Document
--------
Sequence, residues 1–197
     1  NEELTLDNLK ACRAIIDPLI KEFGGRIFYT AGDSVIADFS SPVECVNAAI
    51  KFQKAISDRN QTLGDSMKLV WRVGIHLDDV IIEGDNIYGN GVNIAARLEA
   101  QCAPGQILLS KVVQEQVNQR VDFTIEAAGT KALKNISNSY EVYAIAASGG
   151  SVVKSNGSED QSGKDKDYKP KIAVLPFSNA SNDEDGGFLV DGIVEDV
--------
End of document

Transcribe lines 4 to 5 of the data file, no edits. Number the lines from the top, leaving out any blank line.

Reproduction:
   101  QCAPGQILLS KVVQEQVNQR VDFTIEAAGT KALKNISNSY EVYAIAASGG
   151  SVVKSNGSED QSGKDKDYKP KIAVLPFSNA SNDEDGGFLV DGIVEDV